Jérémy Besnard 1 , Gian Filippo Ruda 1 , Vincent Setola 2 , Keren Abecassis 1 , Ramona M. Rodriguiz 3 , Xi-Ping Huang 2 , Suzanne Norval 1 , Maria F. Sassano 4 , Antony I. Shin 3 , Lauren A. Webster 1 , Frederick R.C. Simeons 1 , Laste Stojanovski 1 , Annik Prat 5 , Nabil G. Seidah 5 , Daniel B. Constam 6 , G. Richard Bickerton 1 , Kevin D. Read 1 , William C. Wetsel 3 , 7 , Ian H. Gilbert 1 , Bryan L. Roth 2 , 4 , Andrew L. Hopkins 1
13 June 2013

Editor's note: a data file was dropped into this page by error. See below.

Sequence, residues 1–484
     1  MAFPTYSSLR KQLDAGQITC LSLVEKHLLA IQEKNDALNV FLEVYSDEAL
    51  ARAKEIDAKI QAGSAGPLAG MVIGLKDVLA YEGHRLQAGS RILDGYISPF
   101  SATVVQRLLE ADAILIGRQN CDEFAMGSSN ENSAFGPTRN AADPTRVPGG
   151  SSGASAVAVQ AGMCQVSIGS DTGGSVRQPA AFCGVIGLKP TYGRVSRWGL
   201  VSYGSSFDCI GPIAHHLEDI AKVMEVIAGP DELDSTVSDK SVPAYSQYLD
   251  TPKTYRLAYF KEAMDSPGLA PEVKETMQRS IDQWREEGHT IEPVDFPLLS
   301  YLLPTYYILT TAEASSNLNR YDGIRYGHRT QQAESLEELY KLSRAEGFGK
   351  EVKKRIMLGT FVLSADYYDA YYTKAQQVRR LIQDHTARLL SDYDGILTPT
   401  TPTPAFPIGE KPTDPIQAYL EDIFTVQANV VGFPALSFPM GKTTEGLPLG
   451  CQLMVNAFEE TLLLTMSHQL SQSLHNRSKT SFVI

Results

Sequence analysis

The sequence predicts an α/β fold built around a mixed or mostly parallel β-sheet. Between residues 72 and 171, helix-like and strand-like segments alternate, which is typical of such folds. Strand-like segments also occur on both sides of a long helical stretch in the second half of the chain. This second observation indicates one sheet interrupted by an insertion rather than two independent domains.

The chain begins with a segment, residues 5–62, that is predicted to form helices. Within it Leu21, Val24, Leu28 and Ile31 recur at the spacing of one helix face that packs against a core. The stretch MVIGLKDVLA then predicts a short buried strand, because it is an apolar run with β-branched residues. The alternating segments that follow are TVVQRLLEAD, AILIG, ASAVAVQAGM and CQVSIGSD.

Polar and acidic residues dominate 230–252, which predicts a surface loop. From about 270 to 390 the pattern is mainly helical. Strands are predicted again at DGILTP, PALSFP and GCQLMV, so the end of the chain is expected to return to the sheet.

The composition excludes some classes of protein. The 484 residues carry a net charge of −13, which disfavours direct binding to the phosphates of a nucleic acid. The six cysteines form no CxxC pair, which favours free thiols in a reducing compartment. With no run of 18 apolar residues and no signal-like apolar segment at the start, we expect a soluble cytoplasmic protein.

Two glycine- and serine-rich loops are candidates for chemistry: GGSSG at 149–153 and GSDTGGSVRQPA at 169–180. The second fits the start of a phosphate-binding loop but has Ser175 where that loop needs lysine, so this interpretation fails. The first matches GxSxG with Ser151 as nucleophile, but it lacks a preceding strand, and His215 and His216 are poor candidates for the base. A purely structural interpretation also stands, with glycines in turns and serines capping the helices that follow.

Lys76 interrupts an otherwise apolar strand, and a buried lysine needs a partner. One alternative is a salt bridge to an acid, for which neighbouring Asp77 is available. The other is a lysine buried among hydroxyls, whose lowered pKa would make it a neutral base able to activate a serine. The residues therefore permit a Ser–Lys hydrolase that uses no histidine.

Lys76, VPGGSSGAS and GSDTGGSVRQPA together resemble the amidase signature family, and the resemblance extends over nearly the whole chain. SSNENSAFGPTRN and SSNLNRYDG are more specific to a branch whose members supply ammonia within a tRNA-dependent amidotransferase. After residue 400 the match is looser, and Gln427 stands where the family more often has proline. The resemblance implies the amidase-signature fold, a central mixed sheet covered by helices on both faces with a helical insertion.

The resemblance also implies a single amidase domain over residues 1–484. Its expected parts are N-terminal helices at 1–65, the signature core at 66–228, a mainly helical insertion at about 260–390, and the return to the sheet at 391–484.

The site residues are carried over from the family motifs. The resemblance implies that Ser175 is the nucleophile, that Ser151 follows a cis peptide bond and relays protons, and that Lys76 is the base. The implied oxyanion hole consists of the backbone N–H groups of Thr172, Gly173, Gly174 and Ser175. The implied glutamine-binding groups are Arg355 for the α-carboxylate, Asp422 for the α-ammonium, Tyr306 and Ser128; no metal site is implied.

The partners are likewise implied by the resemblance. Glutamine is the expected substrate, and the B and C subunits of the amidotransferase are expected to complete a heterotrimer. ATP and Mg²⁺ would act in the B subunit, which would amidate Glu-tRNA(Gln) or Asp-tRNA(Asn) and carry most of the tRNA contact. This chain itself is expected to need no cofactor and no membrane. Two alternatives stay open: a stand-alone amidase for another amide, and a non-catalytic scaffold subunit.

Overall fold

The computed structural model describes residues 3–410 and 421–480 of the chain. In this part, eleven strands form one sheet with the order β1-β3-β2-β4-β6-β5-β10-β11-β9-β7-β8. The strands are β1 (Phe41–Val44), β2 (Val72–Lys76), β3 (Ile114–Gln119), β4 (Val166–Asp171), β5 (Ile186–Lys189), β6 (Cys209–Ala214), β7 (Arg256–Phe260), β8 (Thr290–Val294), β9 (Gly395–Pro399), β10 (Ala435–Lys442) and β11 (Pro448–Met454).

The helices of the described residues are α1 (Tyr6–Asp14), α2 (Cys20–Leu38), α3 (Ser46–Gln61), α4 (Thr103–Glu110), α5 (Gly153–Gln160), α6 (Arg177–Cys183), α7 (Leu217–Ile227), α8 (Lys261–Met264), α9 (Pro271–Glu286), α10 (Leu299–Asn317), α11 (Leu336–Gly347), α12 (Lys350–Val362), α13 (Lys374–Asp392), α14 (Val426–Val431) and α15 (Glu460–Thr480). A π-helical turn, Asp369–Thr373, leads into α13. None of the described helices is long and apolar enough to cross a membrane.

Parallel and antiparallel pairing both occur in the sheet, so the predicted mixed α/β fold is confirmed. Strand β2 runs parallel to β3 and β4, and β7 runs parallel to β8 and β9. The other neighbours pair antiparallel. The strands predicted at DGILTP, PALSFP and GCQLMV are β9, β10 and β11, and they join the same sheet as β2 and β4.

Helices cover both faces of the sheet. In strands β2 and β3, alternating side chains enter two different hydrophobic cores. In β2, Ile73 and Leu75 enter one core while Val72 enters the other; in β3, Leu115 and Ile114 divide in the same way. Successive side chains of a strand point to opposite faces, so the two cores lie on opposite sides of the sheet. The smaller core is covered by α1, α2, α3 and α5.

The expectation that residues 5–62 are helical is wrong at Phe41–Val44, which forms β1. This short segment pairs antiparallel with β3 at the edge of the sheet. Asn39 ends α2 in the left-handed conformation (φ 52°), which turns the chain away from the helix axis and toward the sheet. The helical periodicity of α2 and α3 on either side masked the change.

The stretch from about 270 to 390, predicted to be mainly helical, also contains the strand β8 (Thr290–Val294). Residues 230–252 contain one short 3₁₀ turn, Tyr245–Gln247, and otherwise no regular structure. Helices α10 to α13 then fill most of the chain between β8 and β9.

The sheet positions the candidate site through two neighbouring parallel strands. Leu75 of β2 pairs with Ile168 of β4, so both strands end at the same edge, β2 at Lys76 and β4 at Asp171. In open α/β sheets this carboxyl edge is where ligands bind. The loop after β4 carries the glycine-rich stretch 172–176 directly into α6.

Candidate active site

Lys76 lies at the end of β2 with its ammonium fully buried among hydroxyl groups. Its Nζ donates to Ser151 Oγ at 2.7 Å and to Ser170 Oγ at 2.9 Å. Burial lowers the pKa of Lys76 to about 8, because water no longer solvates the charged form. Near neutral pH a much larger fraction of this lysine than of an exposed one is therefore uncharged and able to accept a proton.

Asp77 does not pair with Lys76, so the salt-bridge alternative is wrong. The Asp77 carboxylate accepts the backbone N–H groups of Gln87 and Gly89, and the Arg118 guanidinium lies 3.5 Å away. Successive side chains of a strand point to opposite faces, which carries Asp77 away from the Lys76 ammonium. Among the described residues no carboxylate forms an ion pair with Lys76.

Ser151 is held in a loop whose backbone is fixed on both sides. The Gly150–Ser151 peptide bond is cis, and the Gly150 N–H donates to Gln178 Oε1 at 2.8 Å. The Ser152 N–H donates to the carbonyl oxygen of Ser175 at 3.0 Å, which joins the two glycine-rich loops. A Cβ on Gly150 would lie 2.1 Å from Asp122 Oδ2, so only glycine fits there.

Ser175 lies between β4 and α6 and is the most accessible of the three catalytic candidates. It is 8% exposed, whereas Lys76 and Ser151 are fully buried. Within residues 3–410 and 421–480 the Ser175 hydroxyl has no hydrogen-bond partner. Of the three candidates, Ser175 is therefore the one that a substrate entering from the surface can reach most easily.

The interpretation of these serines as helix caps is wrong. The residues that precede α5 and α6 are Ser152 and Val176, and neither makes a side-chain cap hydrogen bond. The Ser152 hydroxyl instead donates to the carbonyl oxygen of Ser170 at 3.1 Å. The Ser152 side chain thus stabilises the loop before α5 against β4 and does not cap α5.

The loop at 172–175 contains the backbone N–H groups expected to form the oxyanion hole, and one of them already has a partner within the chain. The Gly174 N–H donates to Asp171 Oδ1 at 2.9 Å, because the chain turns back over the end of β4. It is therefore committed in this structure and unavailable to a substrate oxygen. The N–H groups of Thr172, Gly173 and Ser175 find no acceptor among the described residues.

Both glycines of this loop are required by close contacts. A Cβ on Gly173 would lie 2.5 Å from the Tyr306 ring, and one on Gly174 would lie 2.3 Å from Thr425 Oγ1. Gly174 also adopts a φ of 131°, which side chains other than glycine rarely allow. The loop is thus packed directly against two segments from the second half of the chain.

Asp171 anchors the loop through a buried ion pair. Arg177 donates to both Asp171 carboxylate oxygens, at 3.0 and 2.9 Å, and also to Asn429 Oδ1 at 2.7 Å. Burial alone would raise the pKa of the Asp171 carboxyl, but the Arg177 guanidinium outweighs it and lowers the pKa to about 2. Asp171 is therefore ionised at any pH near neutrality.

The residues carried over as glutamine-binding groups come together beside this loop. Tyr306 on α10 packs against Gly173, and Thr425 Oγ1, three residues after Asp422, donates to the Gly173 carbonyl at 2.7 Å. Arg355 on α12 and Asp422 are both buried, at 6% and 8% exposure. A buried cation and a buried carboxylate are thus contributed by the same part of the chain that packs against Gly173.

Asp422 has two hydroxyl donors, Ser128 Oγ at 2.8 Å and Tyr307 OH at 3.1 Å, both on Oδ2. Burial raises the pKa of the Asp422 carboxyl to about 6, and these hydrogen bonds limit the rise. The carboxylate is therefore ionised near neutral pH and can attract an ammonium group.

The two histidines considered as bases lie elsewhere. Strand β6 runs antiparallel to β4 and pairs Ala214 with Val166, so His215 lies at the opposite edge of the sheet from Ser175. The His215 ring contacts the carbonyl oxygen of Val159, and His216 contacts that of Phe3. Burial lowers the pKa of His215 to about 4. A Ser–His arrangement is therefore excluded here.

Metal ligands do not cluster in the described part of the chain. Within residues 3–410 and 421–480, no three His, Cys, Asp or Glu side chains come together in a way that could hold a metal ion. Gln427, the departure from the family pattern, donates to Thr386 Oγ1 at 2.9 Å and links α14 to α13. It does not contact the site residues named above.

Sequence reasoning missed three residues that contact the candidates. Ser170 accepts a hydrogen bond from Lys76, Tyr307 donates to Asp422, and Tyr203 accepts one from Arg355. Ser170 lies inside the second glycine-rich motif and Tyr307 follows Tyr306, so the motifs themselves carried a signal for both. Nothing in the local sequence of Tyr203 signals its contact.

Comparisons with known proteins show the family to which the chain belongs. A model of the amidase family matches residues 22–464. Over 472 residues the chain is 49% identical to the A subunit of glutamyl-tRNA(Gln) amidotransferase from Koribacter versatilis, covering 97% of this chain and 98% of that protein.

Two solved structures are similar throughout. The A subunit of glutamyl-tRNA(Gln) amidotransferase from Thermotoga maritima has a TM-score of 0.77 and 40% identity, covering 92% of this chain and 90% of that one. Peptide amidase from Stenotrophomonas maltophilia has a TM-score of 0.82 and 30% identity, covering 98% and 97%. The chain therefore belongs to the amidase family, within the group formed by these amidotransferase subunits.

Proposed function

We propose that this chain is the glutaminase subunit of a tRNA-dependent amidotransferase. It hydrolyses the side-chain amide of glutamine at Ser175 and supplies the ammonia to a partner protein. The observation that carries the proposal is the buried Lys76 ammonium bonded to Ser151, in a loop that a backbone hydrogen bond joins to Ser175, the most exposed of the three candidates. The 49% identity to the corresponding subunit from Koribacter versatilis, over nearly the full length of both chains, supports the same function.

The clinical efficacy and safety of a drug is determined by its activity profile across multiple proteins in the proteome. However, designing drugs with a specific multi-target profile is both complex and difficult. Therefore methods to rationally design drugs a priori against profiles of multiple proteins would have immense value in drug discovery. We describe a new approach for the automated design of ligands against profiles of multiple drug targets. The method is demonstrated by the evolution of an approved acetylcholinesterase inhibitor drug into brain penetrable ligands with either specific polypharmacology or exquisite selectivity profiles for G-protein coupled receptors. Overall, 800 ligand-target predictions of prospectively designed ligands were tested experimentally, of which 75% were confirmed correct. We also demonstrate target engagement in vivo. The approach can be a useful source of drug leads where multi-target profiles are required to achieve either selectivity over other drug targets or a desired polypharmacology.